In the last couple of weeks’ I’ve seen a slightly greater variety of Bird species in the garden. I’ve spotted my first Green woodpecker of the year and also Crested Tits, Long-Tailed Tits and Wrens. All of them occasional visitors that typically I see more of during the winter.
With this in mind I produced a little graph to show the weekly variation of different bird species recorded throughout the year. As would be expected the results show generally fewer different species during the summer months but I’ll keep recording to confirm the trends.
Following the last Bird Log update, where I had undertaken the regular Garden Bird survey, I was contacted by the LPO, the French version of the RSPB, as I share the results on their website. They had a few questions. They were surprised at the number of birds, specifically, Great Tits, that I was recording.
I had an exchange with a very nice chap called Christian.
I explained my method of performing the survey, recording the number of times a bird enters the garden during the hour, taking no consideration if these were different individual birds. The very nice man, still Christian, pointed out that I was doing it wrong.
The correct way to make the survey is to record the maximum number of birds seen in the garden simultaneous during the hour of observation. So, for example the maximum number of Great Tits seen at the same time, not the number of times a Great Tit enters and leaves the garden.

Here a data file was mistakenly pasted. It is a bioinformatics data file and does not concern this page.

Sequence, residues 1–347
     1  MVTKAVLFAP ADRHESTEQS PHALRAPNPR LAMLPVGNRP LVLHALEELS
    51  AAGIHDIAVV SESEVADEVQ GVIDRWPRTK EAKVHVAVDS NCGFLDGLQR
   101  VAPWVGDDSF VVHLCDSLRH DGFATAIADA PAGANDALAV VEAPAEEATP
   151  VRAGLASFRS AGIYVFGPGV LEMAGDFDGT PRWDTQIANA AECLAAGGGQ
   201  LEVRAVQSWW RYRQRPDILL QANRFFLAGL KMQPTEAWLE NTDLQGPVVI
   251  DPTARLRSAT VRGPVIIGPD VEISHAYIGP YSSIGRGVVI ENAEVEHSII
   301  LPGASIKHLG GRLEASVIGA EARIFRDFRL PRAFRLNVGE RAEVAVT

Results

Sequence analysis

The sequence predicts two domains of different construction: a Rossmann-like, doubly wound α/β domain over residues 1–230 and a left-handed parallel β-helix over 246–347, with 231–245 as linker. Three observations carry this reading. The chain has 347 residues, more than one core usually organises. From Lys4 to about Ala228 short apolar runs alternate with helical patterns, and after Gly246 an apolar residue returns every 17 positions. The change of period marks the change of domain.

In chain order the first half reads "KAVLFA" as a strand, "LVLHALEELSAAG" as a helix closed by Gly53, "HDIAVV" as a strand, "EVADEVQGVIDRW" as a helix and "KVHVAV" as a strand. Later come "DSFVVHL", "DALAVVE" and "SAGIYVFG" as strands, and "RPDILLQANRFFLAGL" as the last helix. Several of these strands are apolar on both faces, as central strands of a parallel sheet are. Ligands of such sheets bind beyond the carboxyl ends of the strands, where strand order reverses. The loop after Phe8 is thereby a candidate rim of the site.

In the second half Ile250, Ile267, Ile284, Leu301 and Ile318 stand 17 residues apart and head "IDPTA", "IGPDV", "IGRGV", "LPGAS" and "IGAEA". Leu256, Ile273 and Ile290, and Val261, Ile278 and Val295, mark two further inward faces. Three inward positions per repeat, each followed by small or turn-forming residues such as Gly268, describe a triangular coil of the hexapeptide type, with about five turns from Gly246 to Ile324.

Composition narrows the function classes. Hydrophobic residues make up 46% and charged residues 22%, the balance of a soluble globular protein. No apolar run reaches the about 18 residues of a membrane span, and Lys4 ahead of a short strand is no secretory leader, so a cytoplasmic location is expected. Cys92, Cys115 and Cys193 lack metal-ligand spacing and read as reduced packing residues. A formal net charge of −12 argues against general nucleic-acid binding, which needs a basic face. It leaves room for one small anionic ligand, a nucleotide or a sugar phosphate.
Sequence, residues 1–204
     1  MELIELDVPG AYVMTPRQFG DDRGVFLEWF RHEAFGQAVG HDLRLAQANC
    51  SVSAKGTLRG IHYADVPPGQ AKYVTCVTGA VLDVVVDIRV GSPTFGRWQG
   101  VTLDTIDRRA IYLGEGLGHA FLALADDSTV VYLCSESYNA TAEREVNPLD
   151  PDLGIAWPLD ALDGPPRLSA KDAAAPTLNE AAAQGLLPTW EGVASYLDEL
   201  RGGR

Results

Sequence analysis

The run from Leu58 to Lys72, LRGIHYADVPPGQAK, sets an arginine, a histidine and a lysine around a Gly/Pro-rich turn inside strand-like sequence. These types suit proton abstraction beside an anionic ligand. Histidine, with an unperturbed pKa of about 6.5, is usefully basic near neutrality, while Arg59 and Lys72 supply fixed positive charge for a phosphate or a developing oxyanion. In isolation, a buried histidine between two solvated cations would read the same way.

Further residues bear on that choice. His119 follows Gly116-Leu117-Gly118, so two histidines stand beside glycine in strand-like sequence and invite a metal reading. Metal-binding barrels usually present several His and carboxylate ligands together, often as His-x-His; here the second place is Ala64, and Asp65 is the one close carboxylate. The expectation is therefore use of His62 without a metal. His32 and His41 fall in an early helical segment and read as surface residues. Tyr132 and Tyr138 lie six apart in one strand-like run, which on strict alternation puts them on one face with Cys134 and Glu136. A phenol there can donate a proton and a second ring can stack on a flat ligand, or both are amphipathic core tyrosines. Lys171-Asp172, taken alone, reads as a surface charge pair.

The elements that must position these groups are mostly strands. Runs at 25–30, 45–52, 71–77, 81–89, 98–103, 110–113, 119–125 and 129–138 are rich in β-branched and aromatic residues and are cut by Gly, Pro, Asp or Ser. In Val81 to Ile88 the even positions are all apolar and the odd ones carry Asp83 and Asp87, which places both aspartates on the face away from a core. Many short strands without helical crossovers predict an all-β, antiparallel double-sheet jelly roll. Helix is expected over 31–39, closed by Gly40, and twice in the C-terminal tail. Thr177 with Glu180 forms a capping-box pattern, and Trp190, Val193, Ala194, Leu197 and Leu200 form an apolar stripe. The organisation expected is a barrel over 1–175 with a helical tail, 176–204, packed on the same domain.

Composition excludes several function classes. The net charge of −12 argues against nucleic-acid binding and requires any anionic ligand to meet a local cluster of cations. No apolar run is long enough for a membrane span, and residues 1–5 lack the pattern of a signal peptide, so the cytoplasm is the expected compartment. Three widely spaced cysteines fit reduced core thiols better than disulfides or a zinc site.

Therefore I modified my method, I made the first survey on the 11th November 2020 and I will keep adding the results, hopefully on a weekly basis as we go through the Winter.
I’ve also been closely watching the Great Tit behaviour and to help my understanding I’ve been doing some supplementary reading. The book is shown below. It’s quite heavy going, not for the casual reader, but it does contain a lot of good info.
In my garden I’ve definitely noticed territorial behaviour. Whenever a Great Tit or a Blue Tit lands on the ‘Red Robin’ bush just in front of the next box, shown in the photo below, they are within minutes chased away by another Great Tit. I can’ tell if it is always a male doing this chasing or not.
This indicates that a Male or perhaps a pair are permanently based in the garden, it is their home territory and they are defending it from other birds. They will tolerate other ‘roaming’ birds on the feeders in the garden but not so close to the nest Box.
My ‘heavy’ reading tells me that this is quite normal behaviour. A Great Tit will defend a territory during winter and stay there, especially if there is sufficient food, as there is in my garden. If food becomes scarcer or the weather turns very bad, they may start moving, typically by joining a roaming flock. Only coming back to reclaim and defend their territory when the weather gets better in late winter or early spring.
So it looks like my home Great Tit(s) are still here and are defending the nest box for use next spring.